Avoiding The Ignore Bin

I’m a firm believer that assumptions can be dangerous.

 

Particularly, assuming someone is interested in what you are offering (ideas, services, products). You wouldn’t do it to your friend, so why do it to someone else?

 

Though I hadn’t been always awesome in this area, I can proudly say, that each end every time (even the painful ones!), I have learned how to improve my approaches (both offline and online).

 

I think that constant learning mindset (reviewing what has happened and finding ways how to improve) has paid off a lot, and helped me avoid the ignore bin when reaching out to ‘Marketing Over Coffee‘ when suggesting a guest.

 

I received a reply from one of the hosts (John Wall)  saying that he appreciated me asking (which is a different approach from the majority of pitches they get). And similar to what Simon Sinek shared about approaching ‘asks’ (ask first then catch-up…or add additional information).

 

The upside of asking first is you’ll likely get more information before your pitch! When I received John’s response, it included the kind of guests they’d be keen to have and the kind of guests that aren’t a fit.

 

 

Notes:

  • Yes, I did get John’s blessing to share this entry. 🙂
  • If you’d like me to send you the structure of the email I sent John, just reach out to me directly.
  • Like me to keep you in mind when I pitch to contacts? Okay. As long as you’ve done your research. Pitch me! 😀

 

 


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Clients

An extension of my post earlier.

I limit talking about this particular income stream because I intentionally limit the people I serve in this area (I’m happy and their happy too because we both get to spend significant time with each other).

To get the best results:

  • Think of ways you can apply this concept to your brand.
  • Read as many entries as you can! Because one of them might be the trigger you need to unblock your creativity. (Yeah I know, that means it’s not likely that you’ll end up as a client…but that’s okay.)
  • Read the FAQ (even if it is cheeky…its still informative!) — if we end up working together…that’s a quick download. Definitely helpful for me to know if we can bond over other things. (Not a requirement…it just moves you up the list!)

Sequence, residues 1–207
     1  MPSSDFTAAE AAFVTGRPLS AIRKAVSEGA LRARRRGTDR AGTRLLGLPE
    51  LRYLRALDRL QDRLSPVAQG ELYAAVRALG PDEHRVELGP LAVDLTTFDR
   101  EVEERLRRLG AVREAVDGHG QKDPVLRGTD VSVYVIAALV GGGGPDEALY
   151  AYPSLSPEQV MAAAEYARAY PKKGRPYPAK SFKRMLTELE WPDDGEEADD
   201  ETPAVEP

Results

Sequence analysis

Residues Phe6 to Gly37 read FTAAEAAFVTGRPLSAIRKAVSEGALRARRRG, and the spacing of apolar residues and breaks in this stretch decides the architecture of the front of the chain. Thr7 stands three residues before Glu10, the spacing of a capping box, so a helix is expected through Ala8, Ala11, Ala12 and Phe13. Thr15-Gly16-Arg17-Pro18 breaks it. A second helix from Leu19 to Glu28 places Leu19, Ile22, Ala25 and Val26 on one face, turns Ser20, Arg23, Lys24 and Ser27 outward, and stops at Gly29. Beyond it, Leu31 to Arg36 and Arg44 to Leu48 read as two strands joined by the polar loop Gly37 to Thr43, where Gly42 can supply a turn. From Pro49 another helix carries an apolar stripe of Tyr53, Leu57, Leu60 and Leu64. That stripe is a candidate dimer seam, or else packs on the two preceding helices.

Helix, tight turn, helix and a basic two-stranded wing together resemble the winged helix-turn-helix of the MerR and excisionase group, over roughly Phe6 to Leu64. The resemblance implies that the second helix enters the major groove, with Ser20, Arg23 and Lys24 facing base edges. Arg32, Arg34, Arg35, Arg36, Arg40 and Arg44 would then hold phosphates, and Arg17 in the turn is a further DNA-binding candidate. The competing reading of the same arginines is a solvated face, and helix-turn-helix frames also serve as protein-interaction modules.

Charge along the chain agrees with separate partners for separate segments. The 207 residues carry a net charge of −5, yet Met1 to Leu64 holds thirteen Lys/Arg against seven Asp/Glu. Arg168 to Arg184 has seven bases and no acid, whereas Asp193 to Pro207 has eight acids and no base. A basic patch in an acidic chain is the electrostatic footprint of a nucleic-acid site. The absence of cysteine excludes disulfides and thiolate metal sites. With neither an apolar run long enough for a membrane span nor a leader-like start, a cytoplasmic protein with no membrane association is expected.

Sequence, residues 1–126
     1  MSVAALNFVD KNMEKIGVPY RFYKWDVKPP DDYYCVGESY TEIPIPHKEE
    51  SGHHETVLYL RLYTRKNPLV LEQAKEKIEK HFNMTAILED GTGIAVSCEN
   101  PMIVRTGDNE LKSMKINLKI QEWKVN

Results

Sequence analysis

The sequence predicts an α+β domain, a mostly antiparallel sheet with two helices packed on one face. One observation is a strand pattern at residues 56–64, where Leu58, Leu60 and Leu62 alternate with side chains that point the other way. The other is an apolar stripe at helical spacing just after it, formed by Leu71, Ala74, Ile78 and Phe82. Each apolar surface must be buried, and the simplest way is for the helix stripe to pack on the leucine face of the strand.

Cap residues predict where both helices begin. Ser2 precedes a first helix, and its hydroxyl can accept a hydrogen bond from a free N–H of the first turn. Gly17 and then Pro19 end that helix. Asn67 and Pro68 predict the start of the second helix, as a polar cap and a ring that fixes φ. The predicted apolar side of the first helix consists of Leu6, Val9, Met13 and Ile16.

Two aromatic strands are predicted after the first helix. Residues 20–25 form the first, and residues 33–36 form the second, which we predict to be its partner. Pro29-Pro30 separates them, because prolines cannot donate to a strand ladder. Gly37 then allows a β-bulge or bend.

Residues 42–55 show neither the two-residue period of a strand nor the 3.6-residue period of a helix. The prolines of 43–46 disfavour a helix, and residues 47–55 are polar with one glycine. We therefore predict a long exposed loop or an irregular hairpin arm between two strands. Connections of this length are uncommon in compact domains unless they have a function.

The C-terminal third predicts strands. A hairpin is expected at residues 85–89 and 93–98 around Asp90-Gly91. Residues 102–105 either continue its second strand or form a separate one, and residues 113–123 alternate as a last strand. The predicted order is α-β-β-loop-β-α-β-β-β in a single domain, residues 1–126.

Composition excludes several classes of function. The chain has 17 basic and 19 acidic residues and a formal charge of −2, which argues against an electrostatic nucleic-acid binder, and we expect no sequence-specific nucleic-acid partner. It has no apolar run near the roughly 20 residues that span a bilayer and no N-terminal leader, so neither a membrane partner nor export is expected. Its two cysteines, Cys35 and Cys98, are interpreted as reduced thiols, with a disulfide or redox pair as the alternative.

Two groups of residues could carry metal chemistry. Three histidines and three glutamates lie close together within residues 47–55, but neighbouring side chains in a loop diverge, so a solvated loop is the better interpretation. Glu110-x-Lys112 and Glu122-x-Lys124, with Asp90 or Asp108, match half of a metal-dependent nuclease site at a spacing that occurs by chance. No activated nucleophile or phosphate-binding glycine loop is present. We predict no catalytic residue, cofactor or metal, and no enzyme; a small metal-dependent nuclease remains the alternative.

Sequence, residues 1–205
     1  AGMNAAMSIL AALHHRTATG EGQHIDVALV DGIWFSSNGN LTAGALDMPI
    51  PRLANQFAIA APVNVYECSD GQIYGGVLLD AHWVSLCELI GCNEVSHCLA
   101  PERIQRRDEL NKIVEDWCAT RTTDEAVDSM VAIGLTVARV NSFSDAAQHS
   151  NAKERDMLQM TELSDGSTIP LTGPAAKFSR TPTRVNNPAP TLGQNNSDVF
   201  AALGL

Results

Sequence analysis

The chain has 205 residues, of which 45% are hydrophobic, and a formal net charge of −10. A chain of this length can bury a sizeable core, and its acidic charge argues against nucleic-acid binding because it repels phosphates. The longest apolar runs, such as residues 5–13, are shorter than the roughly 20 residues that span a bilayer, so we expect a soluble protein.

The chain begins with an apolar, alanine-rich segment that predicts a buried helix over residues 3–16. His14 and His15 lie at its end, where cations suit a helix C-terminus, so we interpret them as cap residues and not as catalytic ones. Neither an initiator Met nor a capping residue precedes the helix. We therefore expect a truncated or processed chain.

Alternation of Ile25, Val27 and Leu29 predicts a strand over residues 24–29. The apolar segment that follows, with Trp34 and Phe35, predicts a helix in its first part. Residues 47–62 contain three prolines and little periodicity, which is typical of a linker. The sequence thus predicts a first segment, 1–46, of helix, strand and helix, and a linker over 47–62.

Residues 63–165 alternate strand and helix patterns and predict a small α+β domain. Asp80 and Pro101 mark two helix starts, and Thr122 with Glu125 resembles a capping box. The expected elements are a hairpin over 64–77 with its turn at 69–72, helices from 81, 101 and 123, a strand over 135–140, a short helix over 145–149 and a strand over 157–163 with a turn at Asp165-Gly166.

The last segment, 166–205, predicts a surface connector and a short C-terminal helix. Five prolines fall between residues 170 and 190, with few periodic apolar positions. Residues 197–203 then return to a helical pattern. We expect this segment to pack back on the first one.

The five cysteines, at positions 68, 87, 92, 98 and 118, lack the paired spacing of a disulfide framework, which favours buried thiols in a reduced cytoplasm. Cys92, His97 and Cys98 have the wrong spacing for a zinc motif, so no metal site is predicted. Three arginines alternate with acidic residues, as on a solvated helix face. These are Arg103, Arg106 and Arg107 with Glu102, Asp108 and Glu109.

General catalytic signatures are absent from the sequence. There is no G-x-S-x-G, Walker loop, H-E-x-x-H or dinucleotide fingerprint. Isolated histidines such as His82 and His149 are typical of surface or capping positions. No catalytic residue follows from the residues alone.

• Understand that I really do constantly generate ideas. Really! And nothing would make my day more than knowing that they are in good hands.

Then

Decide the arrangement you’d be most comfortable with when you send me a message:

  • Fixed Budget (Spots available: 4)- only for previous clients.
  • Results first then Payment (Spots available: 8) – I spend time learning about your brand to find action items (experiments, tests, strategies…) to implement. Then my fee is a percentage (35%) of the results you get. And yes, that means if the result is $180,000 over that period…then my fee is $63,000.

 

Though the first option is decidedly simpler. I give my clients the second option because that way, they already have what they plan to pay for…so I’ll know the client is happy — which means the odds are VERY VERY low for a refund. Less admin stuff to deal with, which means, I can focus on adding more value. 🙂

 

 CAUTION:

If you are someone who is only concerned with impressions (fancy website, photo driving a Maserati GranCabrio — so people would be drawn to you) rather than results (e.g. $72,000 increase sales after 8 months): you are not a fit.

Tempted to try your luck to see if you can ‘game’ the system? Well, no matter how you approach me (by filling up an application form, reaching out directly, or even somehow getting recommended by a current client)…in the end…if you are not a fit, it’ll come out at some point.

Ponder this: Wouldn’t you rather  spend all those hours finding someone who is a better fit for you rather than wait for the day that I’ll say: ‘Sorry…I wouldn’t be able to help you’?

Last Update: 01 January 2017


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The Best Way To Reach Me

As I was having a quick look and update on ‘My Cheeky FAQ’ I realised that it might help if there was a specific entry (and I can’t wait to hear from you if this post indeed helped!) that helps you know how to best send me a message.

 

  • Tumblr – I am on there at least once a fortnight (unless intentionally focusing on completing something and my fan tendencies need to be ‘on hold’ because they are a hindrance rather than a compliment!)
  • YouTube – Though sometimes notifications cross over with Google+ — I still find it a handy playform to send (and receive!) private messages.
  • Google+ – apparently there’s a way to send me messages even if I am not ‘online’ (I’ll get your notifications and that would prompt me to check my messages)
  • Form – This comes in handy if you are on a device that you avoid using to log-in to your various social media accounts. Even if you don’t put your email address, as long as you give me your Tumblr / YouTube / Google+ handle, and I can chase you up there.

 

 

What you’ll need in your message:

  • your email address!
  • How I can help you. (Really. Tell me! Don’t worry about sounding all ‘sales-ey’. Because the sooner I find out how I can add value to you, the sooner I am able to generate ideas! It’s as easy as completing this statement: ‘Leigh, I want _____ to happen. Can you help?’ If there are multiple items, take some time to consider what is most important for you to achieve. Whether it be finding someone who is equally smitten by BrainDead, or needing creative juice to improve your interactions with people you serve.)
  • If you have references (such as my tweet or a post), it would help a LOT if you include it too!

 

 

 

 


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Trust Experiments

As I was watching Joel Peterson’s talk, I was hit with an idea on how to apply incrementally trusting someone (100 times in little ways).